Walker, Archer and Davies report that, “the help and support for male victims of rape is more than 20 years behind that of female victims” (Walker 495). Although their study was focused on white British survivors, their findings support the hypothesis that there exists a gender bias in how society reacts and supports victims of sexual assault. Many of their participants claimed they were motivated to respond to the research proposal because they wanted to promote “informed publicity about male rape.” Many struggled to communicate with professionals who were not prepared to react to male victims in the same manner as they responded to females (Walker 500). Men have to worry more about being believed, because as one of last summer’s ASKMEN articles shows, many people don’t believe women can rape men. As a consequence, some men are left feeling emasculated. They are expected to be able to defend themselves and may develop self-blame as a result.

The authors of the British study found that the majority (90%) of the victims had faced some form of violence during the assault (Walker 497). Whether their current sexual orientation was gay, straight, bisexual or asexual at the time of the survey, none of the men involved wanted this to happen to them. They were left psychologically and often physically damaged in equal need of support and reassurance as their female counterparts.



Tjaden, Patricia and Nancy Thoennes. National Institute of Justice. Extent, Nature, and Consequences of Rape Victimization: Findings From the National Violence Against Women Survey. January 2006. https://www.ncjrs.gov/pdffiles1/nij/210346.pdf

Walker, Jayne, John Archer and Michelle Davies. Archives of Sexual Behavior. Effects of Rape on Men: A Descriptive Analysis. 2005

INCASA. Resources For Survivors. When Men Are Raped. 2011 http://www.incasa.org/advocacy/survivor-resources/when-men-are-raped/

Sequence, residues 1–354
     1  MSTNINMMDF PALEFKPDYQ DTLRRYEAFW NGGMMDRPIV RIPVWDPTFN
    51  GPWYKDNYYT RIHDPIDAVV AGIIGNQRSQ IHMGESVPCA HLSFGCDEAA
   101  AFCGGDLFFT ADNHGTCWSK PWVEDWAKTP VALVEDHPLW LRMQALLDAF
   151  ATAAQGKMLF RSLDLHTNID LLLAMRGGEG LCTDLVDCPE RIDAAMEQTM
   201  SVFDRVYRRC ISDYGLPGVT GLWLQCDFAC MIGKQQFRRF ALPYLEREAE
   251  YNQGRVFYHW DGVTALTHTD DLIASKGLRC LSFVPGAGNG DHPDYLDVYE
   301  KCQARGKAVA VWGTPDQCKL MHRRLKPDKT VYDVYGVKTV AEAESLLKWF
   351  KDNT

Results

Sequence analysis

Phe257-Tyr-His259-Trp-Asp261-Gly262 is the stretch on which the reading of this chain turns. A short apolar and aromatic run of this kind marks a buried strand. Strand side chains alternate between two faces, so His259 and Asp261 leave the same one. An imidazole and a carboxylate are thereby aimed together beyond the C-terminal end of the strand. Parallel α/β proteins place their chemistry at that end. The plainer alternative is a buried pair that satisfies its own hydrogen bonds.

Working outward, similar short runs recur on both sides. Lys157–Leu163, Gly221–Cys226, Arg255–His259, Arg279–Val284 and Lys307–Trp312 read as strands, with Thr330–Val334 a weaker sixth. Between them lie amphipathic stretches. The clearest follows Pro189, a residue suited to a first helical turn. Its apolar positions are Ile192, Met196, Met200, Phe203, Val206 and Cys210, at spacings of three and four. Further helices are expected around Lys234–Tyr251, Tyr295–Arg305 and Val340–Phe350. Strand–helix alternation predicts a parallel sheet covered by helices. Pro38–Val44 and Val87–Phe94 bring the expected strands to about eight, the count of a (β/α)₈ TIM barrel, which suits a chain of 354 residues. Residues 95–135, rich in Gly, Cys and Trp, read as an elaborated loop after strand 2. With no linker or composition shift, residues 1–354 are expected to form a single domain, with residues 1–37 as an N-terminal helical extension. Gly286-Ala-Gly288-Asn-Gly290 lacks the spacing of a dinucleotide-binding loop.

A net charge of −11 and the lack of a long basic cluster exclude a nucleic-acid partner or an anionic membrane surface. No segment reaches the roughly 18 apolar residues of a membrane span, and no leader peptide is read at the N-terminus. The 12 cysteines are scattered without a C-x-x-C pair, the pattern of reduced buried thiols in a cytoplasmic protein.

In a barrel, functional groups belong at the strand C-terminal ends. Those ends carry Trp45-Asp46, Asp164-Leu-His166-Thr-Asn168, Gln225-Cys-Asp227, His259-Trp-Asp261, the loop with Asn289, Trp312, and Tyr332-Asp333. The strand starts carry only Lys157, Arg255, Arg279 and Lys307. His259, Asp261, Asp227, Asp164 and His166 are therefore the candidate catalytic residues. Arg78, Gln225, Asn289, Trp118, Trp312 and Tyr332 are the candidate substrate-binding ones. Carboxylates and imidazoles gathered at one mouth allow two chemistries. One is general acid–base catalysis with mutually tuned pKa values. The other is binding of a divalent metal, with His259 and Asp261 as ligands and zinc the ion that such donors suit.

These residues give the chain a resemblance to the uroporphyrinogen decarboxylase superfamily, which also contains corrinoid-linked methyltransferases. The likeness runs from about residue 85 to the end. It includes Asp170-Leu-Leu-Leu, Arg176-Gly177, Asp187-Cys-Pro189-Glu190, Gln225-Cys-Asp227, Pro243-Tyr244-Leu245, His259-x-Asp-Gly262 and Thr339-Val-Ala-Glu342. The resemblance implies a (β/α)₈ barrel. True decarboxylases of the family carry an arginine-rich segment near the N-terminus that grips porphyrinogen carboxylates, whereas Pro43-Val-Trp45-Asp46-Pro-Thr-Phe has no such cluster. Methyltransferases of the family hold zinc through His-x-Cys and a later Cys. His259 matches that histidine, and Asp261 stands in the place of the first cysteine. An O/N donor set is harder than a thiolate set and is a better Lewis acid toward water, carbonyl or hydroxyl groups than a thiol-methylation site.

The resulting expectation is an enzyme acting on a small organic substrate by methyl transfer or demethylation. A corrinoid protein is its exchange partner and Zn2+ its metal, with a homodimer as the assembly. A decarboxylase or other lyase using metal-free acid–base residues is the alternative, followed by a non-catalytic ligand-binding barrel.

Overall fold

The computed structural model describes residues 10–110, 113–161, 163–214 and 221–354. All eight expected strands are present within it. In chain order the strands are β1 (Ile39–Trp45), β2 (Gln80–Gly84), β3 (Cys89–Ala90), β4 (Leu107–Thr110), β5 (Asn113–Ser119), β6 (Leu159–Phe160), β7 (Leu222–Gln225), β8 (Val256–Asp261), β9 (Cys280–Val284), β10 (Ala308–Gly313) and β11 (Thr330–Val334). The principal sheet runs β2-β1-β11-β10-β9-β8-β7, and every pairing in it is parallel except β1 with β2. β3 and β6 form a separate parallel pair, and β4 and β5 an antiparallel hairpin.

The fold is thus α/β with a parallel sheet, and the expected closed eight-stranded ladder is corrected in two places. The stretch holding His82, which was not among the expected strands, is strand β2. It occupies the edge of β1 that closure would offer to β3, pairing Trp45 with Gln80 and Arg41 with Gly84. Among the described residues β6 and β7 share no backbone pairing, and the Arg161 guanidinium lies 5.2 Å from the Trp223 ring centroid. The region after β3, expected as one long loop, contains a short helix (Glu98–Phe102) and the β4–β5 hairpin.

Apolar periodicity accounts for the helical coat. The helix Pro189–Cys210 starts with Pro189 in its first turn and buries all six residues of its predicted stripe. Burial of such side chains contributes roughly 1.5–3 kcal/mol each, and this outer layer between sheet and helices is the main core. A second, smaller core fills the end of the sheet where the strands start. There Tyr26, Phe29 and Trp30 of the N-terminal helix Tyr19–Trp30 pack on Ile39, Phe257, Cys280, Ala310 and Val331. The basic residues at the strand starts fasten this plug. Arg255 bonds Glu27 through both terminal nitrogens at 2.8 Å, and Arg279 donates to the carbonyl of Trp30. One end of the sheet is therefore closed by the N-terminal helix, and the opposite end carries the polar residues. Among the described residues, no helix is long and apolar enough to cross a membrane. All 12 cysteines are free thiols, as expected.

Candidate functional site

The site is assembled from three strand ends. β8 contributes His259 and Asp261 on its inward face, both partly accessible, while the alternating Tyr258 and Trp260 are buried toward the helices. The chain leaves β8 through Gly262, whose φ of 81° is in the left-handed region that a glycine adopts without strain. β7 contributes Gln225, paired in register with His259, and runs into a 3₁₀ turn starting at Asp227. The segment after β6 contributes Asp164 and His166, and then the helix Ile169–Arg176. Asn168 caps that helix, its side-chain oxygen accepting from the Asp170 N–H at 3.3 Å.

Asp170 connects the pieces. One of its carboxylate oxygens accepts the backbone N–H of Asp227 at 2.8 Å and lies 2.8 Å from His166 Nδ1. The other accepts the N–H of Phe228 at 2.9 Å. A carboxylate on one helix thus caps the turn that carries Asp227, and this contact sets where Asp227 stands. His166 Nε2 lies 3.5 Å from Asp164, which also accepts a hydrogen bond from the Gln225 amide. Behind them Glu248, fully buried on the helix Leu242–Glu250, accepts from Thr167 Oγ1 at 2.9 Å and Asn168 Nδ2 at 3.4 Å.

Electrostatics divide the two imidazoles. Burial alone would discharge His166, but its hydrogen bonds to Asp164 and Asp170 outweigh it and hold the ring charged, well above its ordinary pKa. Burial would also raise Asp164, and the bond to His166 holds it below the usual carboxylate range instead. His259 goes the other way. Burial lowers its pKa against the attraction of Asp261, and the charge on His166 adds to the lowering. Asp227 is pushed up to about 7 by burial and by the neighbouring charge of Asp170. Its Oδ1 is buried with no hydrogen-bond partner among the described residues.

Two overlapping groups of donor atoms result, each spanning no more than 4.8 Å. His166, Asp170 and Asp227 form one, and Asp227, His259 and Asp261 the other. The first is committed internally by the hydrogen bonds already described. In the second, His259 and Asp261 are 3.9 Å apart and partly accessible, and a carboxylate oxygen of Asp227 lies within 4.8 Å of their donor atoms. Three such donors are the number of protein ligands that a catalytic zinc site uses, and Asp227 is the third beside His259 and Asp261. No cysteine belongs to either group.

Walsh, Wendy. ASKMEN.com. Men Raped By Women. Can A Man Be Raped? http://www.askmen.com/dating/love_tip_3800/3838_men-raped-by-women.html

sexual assaults on campus


The very first paragraph of Sexual Assault on Campus; A multilevel Integrative Approach to Party Rape states the saddest fact I have ever learned in college. “between one-fifth and one-quarter of women are victims of completed or attempted rape while in college.”(Armstrong480). As a man who absolutely loves women, and always insists on protecting, taking care of, and respecting them, this statistic haunts me. Why are our women living within a system that lets this happen?


The first fact I noticed to help me answer this question was one that I wrote about last week, alcohol and its correlation with sexual violence. Half way through the first paragraph Armstrong states, “At least half and perhaps as many as three-quarters of the sexual assaults that occur on college campuses involve alcohol consumption on the part of the victim, perpetrator, or both.” All through out life I never considered “party rape” to be rape. To me, rape was when a man or a woman, uses any type of force to have sexual relations with any individual against their will. I never considered being drunk the same as being forced against your will. But it is possible to be drunk enough to not be in control. Therefore, alcohol can be used to subdue a victim, just like physical force, a knife, or a gun. I always considered taking advantage of a girl who is too drunk to say no the lowest of all male actions. It is well known that alcohol takes away inhibitions, and sometimes leaves a girl defenseless. To my friends and I, man law states that if she is too drunk to know better than it is unacceptable, but as we all know, not all men live by such a chivalrous code. As the man if you are the drunkest person, you must be careful not to over step your bounds. Saying the wrong thing can have you walking home alone, and doing the wrong thing can have you in jail. If you’re both extremely drunk, then be extra careful. That’s the gray area, and suddenly two parties can both make mistakes. Regardless of who is how drunk, no means no, and real men should take a loss like a gentleman.